Many of the advertisements are fraudulent and exaggerated claims
Several companies are taking advantage of the lack of laws governing the stem cell segment and advertising their therapies and clinical trials as approved by the Indian Council of Medical Research (ICMR).
This was stated in a white paper on “Stem Cells: Transforming Global Medicine and Healthcare Industry”, brought out by Yes Bank and the Federation of Asian Biotech Associations (FABA). It was released by former President A.P.J. Abdul Kalam at the inaugural function of a three-day international conference on “Stem Cell and Regenerative Medicine: Research to Business” here on Thursday.
While mentioning about the challenges faced by the stem cell sector, the white paper said “however, given the multi-tiered system of registration and approvals recommended in ICMR's guidelines, some of these are based on fraudulent and exaggerated claims. Further, there are also ethical worries on the side-effect of such treatment,” it noted.
Pointing out that the legislation for this sector was in the draft stage, it said that a regulatory framework governing the sector, instead of guidelines existing at present, is essential for the proper growth of stem cell research and applications in India. There are also no guidelines regarding pricing, which results in certain unproven injections being sold for around Rs.80,000.
It said that with pro-active governmental support and policies, private and public investments and public advocacy, the stem cell industry is poised to grow by leaps and bounds.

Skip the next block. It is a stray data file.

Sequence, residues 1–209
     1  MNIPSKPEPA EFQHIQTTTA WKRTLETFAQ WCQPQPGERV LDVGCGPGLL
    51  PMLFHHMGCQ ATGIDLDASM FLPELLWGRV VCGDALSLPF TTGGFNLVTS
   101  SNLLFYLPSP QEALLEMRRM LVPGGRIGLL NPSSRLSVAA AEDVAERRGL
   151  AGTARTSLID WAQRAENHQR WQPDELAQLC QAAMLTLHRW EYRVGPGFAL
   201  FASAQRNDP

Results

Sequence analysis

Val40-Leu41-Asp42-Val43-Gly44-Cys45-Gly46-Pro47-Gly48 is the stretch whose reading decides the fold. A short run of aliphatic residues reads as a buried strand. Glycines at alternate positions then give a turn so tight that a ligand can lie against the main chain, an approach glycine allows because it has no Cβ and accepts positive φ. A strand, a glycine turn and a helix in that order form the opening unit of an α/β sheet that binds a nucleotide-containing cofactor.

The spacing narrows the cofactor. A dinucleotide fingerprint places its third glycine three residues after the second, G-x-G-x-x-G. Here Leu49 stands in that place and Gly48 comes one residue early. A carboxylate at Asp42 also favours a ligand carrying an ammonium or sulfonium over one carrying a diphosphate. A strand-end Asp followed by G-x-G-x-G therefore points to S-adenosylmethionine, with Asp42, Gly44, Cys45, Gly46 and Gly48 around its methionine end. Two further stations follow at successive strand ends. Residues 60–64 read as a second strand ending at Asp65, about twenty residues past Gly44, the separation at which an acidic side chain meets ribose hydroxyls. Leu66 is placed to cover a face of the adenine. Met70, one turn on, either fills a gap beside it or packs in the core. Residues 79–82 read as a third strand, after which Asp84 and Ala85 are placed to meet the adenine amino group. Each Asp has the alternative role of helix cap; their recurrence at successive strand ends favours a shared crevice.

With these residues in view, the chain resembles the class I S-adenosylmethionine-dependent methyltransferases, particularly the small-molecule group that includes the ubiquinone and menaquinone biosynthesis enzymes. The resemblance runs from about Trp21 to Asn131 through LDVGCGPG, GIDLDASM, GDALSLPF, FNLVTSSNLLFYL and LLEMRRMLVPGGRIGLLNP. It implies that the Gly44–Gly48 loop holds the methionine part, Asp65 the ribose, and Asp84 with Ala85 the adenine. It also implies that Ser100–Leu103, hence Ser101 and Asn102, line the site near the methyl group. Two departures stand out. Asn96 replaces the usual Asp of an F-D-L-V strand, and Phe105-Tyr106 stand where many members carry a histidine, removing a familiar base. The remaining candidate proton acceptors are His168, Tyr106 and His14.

Dr. Kalam, said that an experts group on stem cell area would submit a road map in a month's time for development, production and clinical application of stem cells in the country. “A mission mode operation on stem cell research has been prepared”. He urged the researchers to draw a road map for enhancing the use of cord blood stem cells for treating difficult diseases.
Prof. Stephen Minger, Global Head (R&D) at GE Health Care, expressed concern that world-wide certain unapproved treatments were being offered using stem cells and wanted Indian government to enforce rigorous norms to prevent such practices.
Prof. Mahendra Rao, Head of Centre for Regenerative Medicine at NIH, Bethesda, USA gave the key-note address.
The companies are advertising their therapies and clinical trials as approved by ICMR A regulatory framework instead of guidelines is essential for growth of stem cell research
The companies are advertising their therapies and clinical trials as approved by ICMR
A regulatory framework instead of guidelines is essential for growth of stem cell research